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Emergence of autoantibodies to HMGB1 is associated with survival in patients with septic shock.

Authors
  • Stéphanie Barnay-Verdier
  • Lakhdar Fattoum
  • Chloé Borde
  • Srini Kaveri
  • Sébastien Gibot
  • Vincent Maréchal
Identifiers
DOI: 10.1007/s00134-011-2192-6
Source
CdV-UPMC
License
Unknown

Abstract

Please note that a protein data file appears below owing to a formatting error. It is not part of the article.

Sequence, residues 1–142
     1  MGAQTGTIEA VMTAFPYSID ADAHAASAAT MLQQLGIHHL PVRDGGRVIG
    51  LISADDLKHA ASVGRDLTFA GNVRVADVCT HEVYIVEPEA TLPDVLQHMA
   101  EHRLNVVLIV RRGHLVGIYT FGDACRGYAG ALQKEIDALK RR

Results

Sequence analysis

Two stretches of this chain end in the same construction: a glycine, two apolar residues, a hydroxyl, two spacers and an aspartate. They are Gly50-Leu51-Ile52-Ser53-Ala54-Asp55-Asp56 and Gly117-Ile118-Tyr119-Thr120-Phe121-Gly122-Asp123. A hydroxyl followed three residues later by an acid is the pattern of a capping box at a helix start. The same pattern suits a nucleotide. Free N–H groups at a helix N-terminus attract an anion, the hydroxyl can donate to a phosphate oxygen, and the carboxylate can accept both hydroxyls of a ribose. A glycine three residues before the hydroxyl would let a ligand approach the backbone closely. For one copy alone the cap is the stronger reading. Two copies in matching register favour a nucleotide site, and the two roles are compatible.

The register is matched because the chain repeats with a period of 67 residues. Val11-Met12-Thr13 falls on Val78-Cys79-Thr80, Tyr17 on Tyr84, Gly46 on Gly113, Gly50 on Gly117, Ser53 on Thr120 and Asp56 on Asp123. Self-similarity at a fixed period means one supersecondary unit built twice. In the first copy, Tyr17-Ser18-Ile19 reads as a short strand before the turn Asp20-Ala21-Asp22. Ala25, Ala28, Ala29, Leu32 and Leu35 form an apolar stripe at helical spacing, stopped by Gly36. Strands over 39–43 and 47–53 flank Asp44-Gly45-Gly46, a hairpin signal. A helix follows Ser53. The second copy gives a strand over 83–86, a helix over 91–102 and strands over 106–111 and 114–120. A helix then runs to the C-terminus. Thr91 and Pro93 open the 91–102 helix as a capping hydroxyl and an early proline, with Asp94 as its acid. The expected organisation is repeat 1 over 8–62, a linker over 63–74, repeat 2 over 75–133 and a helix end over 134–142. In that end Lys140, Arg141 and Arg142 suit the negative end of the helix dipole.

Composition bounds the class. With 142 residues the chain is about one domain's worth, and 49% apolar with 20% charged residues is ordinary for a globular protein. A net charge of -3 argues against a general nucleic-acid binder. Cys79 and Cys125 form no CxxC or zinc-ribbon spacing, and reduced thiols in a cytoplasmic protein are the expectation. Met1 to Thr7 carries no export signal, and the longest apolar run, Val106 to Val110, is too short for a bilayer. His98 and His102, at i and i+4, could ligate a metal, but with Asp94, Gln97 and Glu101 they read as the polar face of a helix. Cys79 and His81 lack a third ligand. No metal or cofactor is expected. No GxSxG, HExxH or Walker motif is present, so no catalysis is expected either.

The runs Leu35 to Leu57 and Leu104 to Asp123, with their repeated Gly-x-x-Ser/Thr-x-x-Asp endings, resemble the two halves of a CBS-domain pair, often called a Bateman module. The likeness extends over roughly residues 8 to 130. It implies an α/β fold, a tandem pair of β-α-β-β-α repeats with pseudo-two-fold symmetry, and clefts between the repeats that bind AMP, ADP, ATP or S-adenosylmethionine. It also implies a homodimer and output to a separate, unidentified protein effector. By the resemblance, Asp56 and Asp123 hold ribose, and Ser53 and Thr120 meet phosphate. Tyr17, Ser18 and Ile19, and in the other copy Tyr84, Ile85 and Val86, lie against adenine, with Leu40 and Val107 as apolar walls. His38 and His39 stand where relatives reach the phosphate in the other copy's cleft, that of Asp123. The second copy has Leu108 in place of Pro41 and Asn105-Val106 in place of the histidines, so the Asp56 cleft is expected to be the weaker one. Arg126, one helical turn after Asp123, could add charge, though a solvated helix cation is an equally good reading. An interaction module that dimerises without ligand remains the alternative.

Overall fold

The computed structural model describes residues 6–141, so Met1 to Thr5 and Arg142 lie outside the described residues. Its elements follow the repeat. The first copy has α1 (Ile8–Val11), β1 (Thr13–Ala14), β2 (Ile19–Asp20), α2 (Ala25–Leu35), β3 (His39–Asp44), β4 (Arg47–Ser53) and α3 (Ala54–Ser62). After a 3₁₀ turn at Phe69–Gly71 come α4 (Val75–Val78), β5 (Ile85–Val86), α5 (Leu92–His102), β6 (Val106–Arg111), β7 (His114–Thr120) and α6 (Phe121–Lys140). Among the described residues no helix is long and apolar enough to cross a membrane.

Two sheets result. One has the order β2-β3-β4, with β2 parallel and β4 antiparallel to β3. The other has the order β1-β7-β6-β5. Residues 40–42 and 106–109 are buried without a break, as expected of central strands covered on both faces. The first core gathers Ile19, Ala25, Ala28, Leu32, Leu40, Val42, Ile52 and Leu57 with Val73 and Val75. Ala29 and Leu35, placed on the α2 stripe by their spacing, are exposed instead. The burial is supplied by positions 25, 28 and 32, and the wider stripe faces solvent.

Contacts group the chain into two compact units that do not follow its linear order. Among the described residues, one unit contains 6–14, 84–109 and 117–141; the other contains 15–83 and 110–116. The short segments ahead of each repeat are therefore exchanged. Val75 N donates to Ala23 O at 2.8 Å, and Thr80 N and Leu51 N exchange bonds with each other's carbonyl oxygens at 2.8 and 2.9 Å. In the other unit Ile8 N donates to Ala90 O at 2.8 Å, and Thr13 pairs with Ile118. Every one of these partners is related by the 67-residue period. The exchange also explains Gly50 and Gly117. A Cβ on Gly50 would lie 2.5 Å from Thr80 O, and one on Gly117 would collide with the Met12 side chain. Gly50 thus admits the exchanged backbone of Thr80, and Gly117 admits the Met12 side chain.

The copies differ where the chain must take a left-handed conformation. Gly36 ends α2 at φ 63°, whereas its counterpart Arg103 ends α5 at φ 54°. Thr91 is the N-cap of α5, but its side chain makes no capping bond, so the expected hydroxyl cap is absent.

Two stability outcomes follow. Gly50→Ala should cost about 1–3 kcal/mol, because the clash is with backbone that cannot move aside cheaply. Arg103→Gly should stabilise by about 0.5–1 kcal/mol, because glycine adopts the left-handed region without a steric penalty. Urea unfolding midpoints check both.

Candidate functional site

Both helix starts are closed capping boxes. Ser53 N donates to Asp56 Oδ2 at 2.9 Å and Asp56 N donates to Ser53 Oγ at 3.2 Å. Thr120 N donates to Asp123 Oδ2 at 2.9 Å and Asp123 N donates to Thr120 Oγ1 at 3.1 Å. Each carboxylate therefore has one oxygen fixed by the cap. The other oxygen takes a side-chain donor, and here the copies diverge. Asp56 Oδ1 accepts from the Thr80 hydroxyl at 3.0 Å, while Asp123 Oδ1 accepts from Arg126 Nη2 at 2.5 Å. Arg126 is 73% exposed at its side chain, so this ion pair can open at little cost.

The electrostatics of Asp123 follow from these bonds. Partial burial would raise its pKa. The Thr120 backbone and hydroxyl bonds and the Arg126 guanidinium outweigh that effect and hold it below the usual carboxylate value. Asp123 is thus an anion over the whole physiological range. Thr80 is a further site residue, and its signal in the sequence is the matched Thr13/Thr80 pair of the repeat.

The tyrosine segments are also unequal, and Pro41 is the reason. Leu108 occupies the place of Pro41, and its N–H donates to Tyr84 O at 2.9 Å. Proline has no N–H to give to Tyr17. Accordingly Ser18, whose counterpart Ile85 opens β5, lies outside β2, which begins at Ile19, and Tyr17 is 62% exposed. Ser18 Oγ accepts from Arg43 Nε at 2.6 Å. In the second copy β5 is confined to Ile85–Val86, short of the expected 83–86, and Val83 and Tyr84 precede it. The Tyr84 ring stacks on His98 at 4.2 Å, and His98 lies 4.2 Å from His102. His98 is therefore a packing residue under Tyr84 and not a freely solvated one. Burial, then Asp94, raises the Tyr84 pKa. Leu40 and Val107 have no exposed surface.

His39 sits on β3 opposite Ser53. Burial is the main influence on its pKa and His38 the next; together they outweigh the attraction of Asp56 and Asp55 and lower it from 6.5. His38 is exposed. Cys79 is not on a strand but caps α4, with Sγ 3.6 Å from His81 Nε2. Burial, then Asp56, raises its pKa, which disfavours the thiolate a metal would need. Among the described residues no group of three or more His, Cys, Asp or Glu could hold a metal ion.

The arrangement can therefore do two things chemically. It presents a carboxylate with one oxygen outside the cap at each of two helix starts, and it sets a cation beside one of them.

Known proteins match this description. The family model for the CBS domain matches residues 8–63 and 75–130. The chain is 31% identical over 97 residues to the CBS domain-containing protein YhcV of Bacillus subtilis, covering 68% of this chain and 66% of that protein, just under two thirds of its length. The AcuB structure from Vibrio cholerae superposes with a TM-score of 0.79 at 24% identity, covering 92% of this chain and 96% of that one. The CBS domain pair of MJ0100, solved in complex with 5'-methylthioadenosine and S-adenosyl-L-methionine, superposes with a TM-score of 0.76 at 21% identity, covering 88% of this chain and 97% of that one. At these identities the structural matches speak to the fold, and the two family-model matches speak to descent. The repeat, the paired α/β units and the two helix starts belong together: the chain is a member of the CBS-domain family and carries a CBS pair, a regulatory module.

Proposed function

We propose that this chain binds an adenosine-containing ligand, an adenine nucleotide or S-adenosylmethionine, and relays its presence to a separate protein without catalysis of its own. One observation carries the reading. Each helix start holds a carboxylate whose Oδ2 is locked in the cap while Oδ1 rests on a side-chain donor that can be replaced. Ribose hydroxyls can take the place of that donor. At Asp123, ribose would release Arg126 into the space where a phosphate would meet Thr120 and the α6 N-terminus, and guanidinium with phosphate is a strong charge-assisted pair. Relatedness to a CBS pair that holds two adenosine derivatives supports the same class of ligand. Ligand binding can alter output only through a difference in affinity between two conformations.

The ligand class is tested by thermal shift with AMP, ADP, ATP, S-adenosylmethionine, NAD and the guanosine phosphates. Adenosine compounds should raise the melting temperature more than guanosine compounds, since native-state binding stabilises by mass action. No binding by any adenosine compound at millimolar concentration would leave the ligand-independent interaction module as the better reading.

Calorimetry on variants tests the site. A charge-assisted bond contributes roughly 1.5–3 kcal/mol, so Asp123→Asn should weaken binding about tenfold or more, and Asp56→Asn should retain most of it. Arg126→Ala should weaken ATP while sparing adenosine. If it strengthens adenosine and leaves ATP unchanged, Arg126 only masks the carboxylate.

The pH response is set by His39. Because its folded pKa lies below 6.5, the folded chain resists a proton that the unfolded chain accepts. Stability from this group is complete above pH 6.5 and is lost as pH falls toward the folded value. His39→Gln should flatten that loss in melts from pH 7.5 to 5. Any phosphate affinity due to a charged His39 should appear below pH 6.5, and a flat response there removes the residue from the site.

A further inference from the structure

To assess the prevalence and predictive value of natural autoantibodies to high-mobility group box 1 (HMGB1) during sepsis. Anti-HMGB1 and anti-human serum albumin (HSA) autoantibodies were detected by ELISA in 178 plasma samples longitudinally collected from 40 critically ill patients with septic shock. One hundred thirty-two plasma samples from healthy donors were used as control. IgGs to HMGB1 were detected in 15/40 patients (37.5%). The prevalence of anti-HMGB1 antibodies was significantly higher in the patients who survived (55%) compared to the patients who did not (20%) (p & lt;0.0001). The detection of anti-HMGB1 antibodies during the course of the disease was significantly associated with patient survival (p=0.038). Moreover, there is a progressive and significant emergence of anti-HMGB1 antibodies during the course of the disease, mostly in patients who survived. This study shows that autoantibodies to HMGB1 are produced during sepsis and are associated with a favorable outcome in patients undergoing septic shock. © Copyright jointly held by Springer and ESICM 2011

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